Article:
[DR: NJ] Hello, Goodbye

She knew something was wrong when as soon as she came home. Eleanor pulled back the curtain that served as their front door and the sickly-sweet smell of overripe strawberries filled the air. The thick desert air only made it worse and she nearly gagged when she peeled off her respirator and stepped inside, smearing a hand over her mouth.

“Little Miss Ella,” her mother called from the other room. The Remnant could barely hear her over the tinny sounds of the record playing on repeat. I need a fix cos I’m going down. Mother Superior jumped the gun. “Come see mama.”

She had a different name before, but now she was the Lady Madonna, alight in the warm glow of ascendancy as she cradled her son in her arms. He was barely four and Eleanor had only just turned thirteen, but she was old enough to understand the ugly little shooter that her mother brushed across the little boy’s temple as she held him. Happiness bang, bang, shoot, shoot.

“Mama,” Eleanor stuttered forward toward the Lady, her eyes wide. “Mama, stop.”

“Oh, Little Miss,” her mother chided, gentle as the dawn in spring. “You can’t feel it, can you? The Beat. It’s going to be okay, honey. You just let mama lead you.” The Lady pursed her perfect bright red lips in a smile that spoke with unending compassion and sympathy. “All together now–”

A voice came from behind. “That’s enough, Maddie.”

Eleanor hadn’t heard her father come in, but she felt his presence now: cool and still in the heat of the Vegasia summer, his shadow engulfing her and spreading forward into the room where her mother still sat. The needle slid off of the record and the two of them looked at each other for a long moment: her father, his face long and full of sorrow; her mother, who stared back, unblinking and empty-eyed. Eleanor didn’t understand what happened or why, but the Lady’s shoulders began to shake as the gun dropped from her hand, clattering onto the dirt floor. The child in her arms began to cry.

“Elle,” he murmured and settled his hand on her small shoulder. “Get your brother. It’s time to go.”

“It’s time to go.”

Bastion picked up her chin from where she leaned at the bar, staring into nothing. Brock stood on one side of her, silent and indecipherable while Ajax bopped along to the beat of a King that Bastion didn’t recognize, the both of them playing their roles in different ways and for different reasons, but the intent was all the same. She looked over her shoulder and found Alexa standing there with the hulking form of Stew just behind her, both of them wearing expressions that were carefully crafted. Time to go. “Okay,” she said quietly and finished her last drink. Ajax and Brock both followed suit.

The air was bitterly cold outside and hunger had sapped away her warmth as much as it did her strength. They were both quiet, but their separate entourages made up for the lack of it as they slipped into the morgue to await House. Beyond the makeshift bar where the recently returned tried to comfort themselves with a taste of hooch was a long dark hallway that faded into nothing, soaking up all sound, all light. Happiness is a warm gun, mama. Bastion looked at Alexa and tried to read the other woman’s body language, but the dark gave nothing away like it had before.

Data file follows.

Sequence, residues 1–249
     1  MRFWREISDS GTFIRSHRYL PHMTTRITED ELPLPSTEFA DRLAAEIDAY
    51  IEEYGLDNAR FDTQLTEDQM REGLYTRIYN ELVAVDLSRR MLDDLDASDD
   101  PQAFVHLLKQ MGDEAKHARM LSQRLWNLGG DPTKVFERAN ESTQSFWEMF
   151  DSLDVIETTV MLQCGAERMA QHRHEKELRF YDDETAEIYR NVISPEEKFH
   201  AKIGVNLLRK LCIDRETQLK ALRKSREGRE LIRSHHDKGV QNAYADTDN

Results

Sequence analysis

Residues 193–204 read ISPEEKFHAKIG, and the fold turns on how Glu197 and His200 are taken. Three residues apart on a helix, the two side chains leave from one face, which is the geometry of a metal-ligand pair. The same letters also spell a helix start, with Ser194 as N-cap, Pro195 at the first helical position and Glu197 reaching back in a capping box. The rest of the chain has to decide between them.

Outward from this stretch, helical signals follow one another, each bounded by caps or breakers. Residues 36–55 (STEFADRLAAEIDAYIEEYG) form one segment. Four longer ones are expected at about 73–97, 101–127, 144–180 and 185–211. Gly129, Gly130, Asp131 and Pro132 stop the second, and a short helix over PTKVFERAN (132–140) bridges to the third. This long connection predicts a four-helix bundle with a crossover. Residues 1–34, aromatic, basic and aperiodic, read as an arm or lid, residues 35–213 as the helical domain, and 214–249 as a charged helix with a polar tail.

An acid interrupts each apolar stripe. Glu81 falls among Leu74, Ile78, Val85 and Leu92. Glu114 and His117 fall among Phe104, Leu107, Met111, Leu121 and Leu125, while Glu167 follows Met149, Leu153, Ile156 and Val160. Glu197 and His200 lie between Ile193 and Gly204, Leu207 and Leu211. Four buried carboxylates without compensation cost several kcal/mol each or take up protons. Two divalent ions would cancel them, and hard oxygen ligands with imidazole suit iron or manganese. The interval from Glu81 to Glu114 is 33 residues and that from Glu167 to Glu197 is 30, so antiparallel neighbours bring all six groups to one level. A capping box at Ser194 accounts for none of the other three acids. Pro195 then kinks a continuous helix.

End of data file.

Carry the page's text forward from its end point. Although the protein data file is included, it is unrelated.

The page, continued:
Fuck it. “Hey,” Bastion called out to her, startled by the sound of her own voice.  “There’s a couple things about me you should know..”

[DR: NJ] Fall to Pieces

She didn’t expect the pain. It rocked through her in a wave so sharp that she could take no pleasure from it, immediate and overwhelming as it was. I’m dying, she thought, although she had died before and it was nothing quite like this – and then, all at once, it evaporated. Worse than the pain, worse than the sharp pang of fear that ate at her heart, was the feelingless pit that engulfed her like a smothering darkness.

There was no House. There was no Aladdin or Alexa. There was Nothing.

She was blind as a newborn kitten, shivering in the unceasing emptiness that surrounded her.

Why can’t they see?

Eleanor ran her fingers across the chain link fence, the calloused pads catching the hot metal as it rattled with her touch. There were maybe three dozen slaves in Shark’s collection – no particular strain or purpose. This was his zoo, his exhibit: the sinners on display who crossed the Vegasian too far and became property instead of people. She sagged her body against the fence until it bent forward with the force of her weight. They could have escaped; it was only a cheap, piece of shit garbage that Shark’s builder slapped together one day. But Eleanor understood that fear was a mind killer. They feared Shark, his whims and retributions, as much as they were scared of people like Eleanor who would come chasing in their shadow if they tried to escape across the desert. Money was money and they were just property.

Eleanor rested her forehead against her arm, looking through the holes in the fence at the glazed over eyes of slaves. None of them looked back at her. She shifted her footing, rattled the edge of their cage – nothing. The Remnant sniffed, feigning offense as she looked out over them when the thought struck her from nowhere: what if I let them go?

She was so startled by the idea that she caught herself frowning. Let them go? Let them go. Why not? Wouldn’t save them – but she didn’t care about saving them. Eleanor did not care about the slaves or Shark or the hateful wastes of Vegasia. But what would happen – what would pry apart and what would rebuild? What would break? She looked out over them, her blue eyes narrowed under the dying afternoon sun as she chewed on one edge of her lip. The idea gnawed at her.